by Lieve Van Hoot and Peter Van Nuffelen
Cambridge and New York: Cambridge University Press, 2020. Pp. x, 332.
Notes, biblio., index. $115.00. ISBN: 1108420273
Overlooked Resources in Ancient History
While a great many ancient works of history are known by name, the number that survive more or less intact is pitifully small. Many others come down to us as fragments, usually excerpts cited by other historians whose works survive intact or even by grammarians and literary critics, using passages to illustrate usage. There exist several compilations of such fragments from both Greek and Roman authors which are of considerable value to scholars. The principal compilations of such fragments, however, generally don’t cover material from works produced later than the early Fourth Century. In this work, Van Hoot and Van Nufflen have made an important contribution to the literature by looking at fragments from Latin works composed from the fourth through the seventh century.
The authors open with an introduction discussing their methodology, stressing that “the aim of this collection is to give the reader a clear sense of what we know and what we do not know” (p. 6) about this lost literature. They go on to explain the various genres of historical literature as the ancients saw it, the ways in which the fragments survived, and the social and political background of the original works.
Van Hoot and Van Nufflen then examine the works of over a score of authors, each of whom gets a chapter. Some of the authors were fortunate to have a few of their works survive intact, but not all, and those often not necessarily the most valuable to scholarship. Three of the authors are classed as “Spuria et Dubia” – bogus – perhaps invented by later authors to pad their bibliographies, but still possibly of some interest.
Some of the authors were noted figures in their day, such as Symmachus the Younger (grandson of the famous pagan senator), who was Consul in 485, and wrote a history of Rome now largely lost, and Cassiodorus, the sixth century historian who served as consul and minister to Theoderic, King of the Ostrogoths, and wrote a now lost history of the Goths. Most of the other authors were grammarians, government officials, clergymen, gentleman scholars, and the like, and some are wholly unknown -- often lacking even a name -- but for the surviving fragments.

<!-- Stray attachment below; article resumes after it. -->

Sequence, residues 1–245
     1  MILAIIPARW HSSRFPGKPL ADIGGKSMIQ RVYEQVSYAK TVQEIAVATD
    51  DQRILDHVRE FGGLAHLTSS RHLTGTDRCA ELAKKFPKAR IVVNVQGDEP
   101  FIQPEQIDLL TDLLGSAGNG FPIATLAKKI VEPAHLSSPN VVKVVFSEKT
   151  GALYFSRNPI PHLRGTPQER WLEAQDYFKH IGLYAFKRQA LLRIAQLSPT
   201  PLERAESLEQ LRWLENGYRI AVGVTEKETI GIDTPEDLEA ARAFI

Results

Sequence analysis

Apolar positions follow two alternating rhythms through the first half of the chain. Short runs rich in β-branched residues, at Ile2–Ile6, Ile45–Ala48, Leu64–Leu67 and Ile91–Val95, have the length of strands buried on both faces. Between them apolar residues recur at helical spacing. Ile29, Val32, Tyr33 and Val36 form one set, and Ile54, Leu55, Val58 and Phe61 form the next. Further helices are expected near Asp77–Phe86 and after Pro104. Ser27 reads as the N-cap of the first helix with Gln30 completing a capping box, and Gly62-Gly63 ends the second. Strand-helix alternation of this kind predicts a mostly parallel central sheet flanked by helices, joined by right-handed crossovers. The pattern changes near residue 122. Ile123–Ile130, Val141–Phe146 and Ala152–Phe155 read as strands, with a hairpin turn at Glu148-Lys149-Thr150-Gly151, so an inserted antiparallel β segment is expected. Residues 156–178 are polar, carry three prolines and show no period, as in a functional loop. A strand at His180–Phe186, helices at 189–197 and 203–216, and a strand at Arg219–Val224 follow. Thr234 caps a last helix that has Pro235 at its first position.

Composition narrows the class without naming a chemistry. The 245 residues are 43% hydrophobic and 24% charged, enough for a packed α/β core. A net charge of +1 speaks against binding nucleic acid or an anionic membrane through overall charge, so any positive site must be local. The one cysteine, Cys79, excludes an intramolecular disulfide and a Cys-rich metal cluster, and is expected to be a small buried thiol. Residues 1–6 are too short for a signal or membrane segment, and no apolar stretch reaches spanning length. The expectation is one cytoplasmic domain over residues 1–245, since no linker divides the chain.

Each chapter gives us a summary of what is known or can be conjectured about the author’s life and career. There follows the provenance of each of the fragments of the author’s works, with the Latin text as edited by the authors and their English translation. The entry concludes with a critical commentary on the circumstance of the composition of the work, possible influences – literary, political, etc. – on the author, and so forth. Chapters often include discussion of the influence of the author’s work on other authors.
Although bits and pieces – occasionally lengthy – of now lost works, these fragments can be used to help fill in important gaps in our knowledge of the times, supplying additional evidence for certain events, confirming known details of those events or even offering us some alternative perspectives.
While The Fragmentary Latin Histories of Late Antiquity will be of immense value to the serious student of ancient history, even the armchair scholar of ancient history may find material here of interest.
Note: The Fragmentary Latin Histories of Late Antiquity is also available in several e-editions.
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